LONDON, May 24 (Reuters) - Sweden’s crown rose to an 8-day high on Wednesday after the Swedish central bank called on regulators to introduce a 5 percent leverage ratio requirement on Sweden’s banks to strengthen them against potential shocks.
In its semi-annual stability report, the Riksbank warned that rising household debt was a serious threat to Sweden’s economy and called on the Financial Supervisory Authority to introduce the extra requirement from the start of next year.
The Swedish crown rose as much as 0.2 percent to 9.7150 crowns per euro after the report came out, up from 9.7480 crowns per euro earlier. It then fell back to 9.7285 crowns, just 0.1 percent higher on the day.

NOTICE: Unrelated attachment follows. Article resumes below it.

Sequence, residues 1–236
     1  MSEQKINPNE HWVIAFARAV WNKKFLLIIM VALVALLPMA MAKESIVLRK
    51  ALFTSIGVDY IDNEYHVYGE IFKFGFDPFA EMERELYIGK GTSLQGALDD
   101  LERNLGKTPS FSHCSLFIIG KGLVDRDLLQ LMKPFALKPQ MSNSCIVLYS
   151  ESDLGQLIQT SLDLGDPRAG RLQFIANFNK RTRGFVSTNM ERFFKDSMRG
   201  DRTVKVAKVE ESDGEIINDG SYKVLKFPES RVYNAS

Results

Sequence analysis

“First of all the six month extension on QE (quantitative easing) has raised the perception monetary policy is on autopilot for the rest of the year,” said Josh O‘Byrne, currency strategist at Citi, commenting on the move.
“The macroprudential arena was thought to be much less relevant for monetary policy given their emphasis on (supporting) inflation at a time when we have seen strong growth in the economy and asset prices. So the impact has been minimal this morning.” (Reporting by Patrick Graham and Ritvik Carvalho)